Here is a useful table of common .NET/Python/UE equivalent types.
First we will create a new
UObject class. This can be done from the
C++ classes folder in the Content Browser, or through your IDE.
Then we will change our object to inherit from the
UBase type. This is the type that all Object Models inherit from.
We can then add our properties, making sure we define them as
UPROPERTY(BlueprintReadWrite). Setting a
Category is optional. And finally declaring our
Parse function and constructor, specifying the Speckle Type string.
We will ignore the
Units property, as we will be baking unit conversion in our
The final step is to create a
Parse function that will define how we want to set these properties from the received JSON object.
Looking at the relevant docs, we can understand the structure of this function.
We have two parameters,
Obj- the JSON object we want to parse,
ReadTransport- A collection of all other received JSON Speckle Objects.
This is needed to dereference detached properties, dechunk chunked properties, and parse nested speckle object properties.
USpeckleObjectUtilshas some helper functions to make this process quite easy, which we can use to easily parse our Vector properties.
For required properties, we want to return
false if they are missing/invalid, rather than perform fatal assertions or exceptions.
We also want to remove the explicit properties we parse from the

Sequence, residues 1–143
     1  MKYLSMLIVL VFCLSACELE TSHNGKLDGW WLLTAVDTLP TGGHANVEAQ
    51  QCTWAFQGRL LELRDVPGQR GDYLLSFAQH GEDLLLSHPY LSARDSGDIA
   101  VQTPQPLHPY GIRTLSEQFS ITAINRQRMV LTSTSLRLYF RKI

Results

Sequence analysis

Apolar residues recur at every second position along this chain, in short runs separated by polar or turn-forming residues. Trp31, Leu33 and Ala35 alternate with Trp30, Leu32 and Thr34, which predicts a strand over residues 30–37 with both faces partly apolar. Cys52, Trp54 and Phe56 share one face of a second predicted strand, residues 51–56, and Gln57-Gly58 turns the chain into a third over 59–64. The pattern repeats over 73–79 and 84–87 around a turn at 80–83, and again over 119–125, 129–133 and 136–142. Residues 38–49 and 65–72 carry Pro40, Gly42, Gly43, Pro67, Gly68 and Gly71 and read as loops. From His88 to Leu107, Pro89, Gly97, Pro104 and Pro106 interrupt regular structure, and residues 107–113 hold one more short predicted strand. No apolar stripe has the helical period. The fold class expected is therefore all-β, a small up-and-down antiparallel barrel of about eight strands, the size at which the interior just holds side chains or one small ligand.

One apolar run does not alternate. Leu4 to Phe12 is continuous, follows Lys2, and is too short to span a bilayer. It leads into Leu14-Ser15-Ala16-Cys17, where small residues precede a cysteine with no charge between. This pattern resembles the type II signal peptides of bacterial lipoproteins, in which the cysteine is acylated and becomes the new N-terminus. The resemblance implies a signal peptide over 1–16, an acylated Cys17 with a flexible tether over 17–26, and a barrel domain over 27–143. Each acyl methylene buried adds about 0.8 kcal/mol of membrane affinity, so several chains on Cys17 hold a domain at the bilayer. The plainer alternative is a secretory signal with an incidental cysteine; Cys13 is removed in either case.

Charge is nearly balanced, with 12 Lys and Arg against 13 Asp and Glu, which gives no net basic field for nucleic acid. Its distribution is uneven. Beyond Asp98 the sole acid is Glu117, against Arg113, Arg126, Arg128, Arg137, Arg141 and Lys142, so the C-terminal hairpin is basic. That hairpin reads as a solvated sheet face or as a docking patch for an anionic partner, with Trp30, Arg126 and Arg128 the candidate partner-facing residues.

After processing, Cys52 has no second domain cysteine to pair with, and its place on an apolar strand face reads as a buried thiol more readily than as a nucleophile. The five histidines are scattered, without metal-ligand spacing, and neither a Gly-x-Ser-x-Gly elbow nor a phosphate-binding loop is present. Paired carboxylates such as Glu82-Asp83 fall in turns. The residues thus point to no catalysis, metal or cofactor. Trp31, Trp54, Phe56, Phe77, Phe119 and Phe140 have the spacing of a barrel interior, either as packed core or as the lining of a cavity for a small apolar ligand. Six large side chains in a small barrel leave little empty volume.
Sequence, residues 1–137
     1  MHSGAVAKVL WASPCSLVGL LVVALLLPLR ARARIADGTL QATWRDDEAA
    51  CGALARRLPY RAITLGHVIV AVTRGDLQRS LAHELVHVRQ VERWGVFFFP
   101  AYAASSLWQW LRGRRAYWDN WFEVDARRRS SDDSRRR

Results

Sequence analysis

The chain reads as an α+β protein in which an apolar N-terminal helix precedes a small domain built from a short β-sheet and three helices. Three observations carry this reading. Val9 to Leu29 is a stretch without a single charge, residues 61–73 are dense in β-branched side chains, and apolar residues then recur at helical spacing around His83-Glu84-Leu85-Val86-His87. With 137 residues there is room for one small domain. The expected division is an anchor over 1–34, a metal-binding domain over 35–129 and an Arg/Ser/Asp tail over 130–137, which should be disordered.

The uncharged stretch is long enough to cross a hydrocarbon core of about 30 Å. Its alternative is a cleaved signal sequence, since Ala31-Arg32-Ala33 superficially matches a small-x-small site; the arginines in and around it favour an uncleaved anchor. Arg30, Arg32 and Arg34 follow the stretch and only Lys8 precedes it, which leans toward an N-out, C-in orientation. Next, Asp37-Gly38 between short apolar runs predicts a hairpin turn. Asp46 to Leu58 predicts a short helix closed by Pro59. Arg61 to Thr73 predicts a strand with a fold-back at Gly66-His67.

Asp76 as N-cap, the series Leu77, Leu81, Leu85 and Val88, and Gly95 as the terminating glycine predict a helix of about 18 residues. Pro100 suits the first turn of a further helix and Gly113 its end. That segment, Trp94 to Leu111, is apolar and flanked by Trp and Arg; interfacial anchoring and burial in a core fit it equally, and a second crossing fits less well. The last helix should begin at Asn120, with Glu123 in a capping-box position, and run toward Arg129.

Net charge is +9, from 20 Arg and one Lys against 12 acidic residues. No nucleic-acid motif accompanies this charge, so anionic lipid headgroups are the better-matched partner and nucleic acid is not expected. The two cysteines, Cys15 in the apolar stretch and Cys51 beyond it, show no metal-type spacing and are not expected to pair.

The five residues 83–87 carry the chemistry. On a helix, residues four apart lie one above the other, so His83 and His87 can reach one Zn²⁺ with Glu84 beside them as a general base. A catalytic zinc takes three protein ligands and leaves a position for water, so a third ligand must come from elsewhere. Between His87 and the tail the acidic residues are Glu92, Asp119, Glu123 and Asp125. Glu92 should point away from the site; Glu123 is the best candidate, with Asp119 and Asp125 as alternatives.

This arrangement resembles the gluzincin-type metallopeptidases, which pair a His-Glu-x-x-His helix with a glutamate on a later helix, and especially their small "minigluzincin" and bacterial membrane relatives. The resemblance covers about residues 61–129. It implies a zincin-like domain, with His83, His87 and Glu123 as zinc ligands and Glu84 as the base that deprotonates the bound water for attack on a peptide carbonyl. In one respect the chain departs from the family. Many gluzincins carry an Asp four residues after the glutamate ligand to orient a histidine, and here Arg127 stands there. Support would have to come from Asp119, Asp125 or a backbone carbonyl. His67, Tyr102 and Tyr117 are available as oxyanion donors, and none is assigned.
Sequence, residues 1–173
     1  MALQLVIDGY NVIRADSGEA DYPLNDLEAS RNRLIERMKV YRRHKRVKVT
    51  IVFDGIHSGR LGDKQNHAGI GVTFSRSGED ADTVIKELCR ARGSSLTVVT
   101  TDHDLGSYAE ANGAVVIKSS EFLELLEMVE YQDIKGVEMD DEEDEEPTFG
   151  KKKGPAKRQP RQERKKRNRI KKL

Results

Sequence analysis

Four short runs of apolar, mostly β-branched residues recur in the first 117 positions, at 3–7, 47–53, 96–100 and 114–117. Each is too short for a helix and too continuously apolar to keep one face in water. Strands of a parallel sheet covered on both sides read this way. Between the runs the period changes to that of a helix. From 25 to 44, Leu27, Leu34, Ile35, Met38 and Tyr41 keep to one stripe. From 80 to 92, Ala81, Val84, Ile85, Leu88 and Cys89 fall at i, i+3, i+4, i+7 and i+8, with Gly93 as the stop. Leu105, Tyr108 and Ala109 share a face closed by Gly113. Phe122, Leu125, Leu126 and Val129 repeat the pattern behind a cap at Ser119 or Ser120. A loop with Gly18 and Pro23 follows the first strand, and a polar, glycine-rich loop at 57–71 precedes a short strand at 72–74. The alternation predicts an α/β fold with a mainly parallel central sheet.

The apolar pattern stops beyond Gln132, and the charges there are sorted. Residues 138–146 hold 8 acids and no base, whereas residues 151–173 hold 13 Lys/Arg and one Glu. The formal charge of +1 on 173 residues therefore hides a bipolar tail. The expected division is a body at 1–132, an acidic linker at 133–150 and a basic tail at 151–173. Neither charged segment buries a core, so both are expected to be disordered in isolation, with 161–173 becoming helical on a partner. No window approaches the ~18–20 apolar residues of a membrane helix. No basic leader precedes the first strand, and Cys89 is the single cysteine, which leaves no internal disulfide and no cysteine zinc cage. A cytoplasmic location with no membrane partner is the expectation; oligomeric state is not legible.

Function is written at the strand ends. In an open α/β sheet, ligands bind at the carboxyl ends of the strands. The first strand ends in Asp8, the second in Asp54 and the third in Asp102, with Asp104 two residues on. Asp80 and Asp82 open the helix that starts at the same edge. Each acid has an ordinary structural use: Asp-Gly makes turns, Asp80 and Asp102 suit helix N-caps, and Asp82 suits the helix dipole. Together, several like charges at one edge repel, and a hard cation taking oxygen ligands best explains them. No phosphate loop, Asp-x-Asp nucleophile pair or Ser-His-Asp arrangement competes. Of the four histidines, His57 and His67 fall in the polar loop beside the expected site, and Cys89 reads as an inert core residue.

Parsemethod is an area we are looking to improve/simplify the developer experiance. There are a few techincal challanges for us to overcome before we can push a native deserializer like the reflection based deserializers we use in the .NET and Python SDK.
Let us know how important this feature is on the forums!
Creating a Converter
Now we have an Object Model defined, we can create a Converter class to define how to convert these objects into Native Actors/Components.
This step can be done in either C++ or Blueprint. To keep it simple for this tutorial, we will show it using Blueprint.
First create a new
Then, under Class Settings, add
ISpeckleConverter as the interface we are implementing.
Now, we can see the interface functions we must implement.
The first function we shall implement is
CanConvertToNative. This is a simple function where we can define what types of Speckle Objects this converter can convert. First we shall create a new member Variable of type Base Class Reference.
We can then set the default value of this set to include our View3D class. In this case, this will be the only type we will convert.
We can then implement our
CanConvertToNative function, which will simply check if a given
Base Type is in our
SpeckleTypes set, evaluating to a
bool which we return.